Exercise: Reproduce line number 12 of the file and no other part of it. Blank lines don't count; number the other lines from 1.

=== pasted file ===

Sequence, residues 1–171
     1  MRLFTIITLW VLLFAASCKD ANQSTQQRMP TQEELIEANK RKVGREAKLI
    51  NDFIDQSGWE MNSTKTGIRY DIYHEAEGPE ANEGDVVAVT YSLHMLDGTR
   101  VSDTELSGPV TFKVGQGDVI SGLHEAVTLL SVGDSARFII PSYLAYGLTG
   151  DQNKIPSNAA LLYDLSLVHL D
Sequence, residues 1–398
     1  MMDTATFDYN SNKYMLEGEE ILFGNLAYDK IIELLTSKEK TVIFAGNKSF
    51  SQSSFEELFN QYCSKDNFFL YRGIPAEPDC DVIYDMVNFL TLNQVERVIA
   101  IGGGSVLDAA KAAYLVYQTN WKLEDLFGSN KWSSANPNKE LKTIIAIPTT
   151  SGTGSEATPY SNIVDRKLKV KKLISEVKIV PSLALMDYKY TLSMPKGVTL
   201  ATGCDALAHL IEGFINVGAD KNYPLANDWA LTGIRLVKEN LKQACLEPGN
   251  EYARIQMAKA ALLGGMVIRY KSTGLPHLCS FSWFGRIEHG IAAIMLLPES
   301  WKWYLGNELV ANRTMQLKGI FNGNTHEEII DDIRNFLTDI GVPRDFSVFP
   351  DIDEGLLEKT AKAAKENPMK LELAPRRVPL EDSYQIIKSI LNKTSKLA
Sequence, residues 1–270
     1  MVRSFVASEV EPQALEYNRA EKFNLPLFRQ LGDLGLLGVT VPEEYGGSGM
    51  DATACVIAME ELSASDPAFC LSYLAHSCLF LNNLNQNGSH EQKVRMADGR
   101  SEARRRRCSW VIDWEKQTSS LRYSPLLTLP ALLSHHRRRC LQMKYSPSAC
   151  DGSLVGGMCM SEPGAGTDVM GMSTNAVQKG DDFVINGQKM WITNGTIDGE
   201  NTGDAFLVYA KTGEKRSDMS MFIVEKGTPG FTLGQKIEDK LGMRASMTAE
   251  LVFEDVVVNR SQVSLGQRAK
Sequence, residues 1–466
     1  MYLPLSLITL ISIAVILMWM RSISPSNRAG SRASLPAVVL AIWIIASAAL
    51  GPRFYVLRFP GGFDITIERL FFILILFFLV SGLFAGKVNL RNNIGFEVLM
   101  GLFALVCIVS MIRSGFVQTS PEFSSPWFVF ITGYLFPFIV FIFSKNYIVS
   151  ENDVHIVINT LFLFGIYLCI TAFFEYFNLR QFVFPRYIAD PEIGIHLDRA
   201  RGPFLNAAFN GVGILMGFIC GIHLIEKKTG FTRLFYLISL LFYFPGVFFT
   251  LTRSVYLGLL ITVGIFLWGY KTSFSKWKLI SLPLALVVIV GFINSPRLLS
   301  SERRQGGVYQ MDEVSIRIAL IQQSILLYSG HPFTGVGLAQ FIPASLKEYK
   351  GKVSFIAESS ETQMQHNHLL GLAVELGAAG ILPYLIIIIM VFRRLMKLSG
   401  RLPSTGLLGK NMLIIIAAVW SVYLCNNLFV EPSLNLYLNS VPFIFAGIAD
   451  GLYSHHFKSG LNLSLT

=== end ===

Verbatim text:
   251  EYARIQMAKA ALLGGMVIRY KSTGLPHLCS FSWFGRIEHG IAAIMLLPES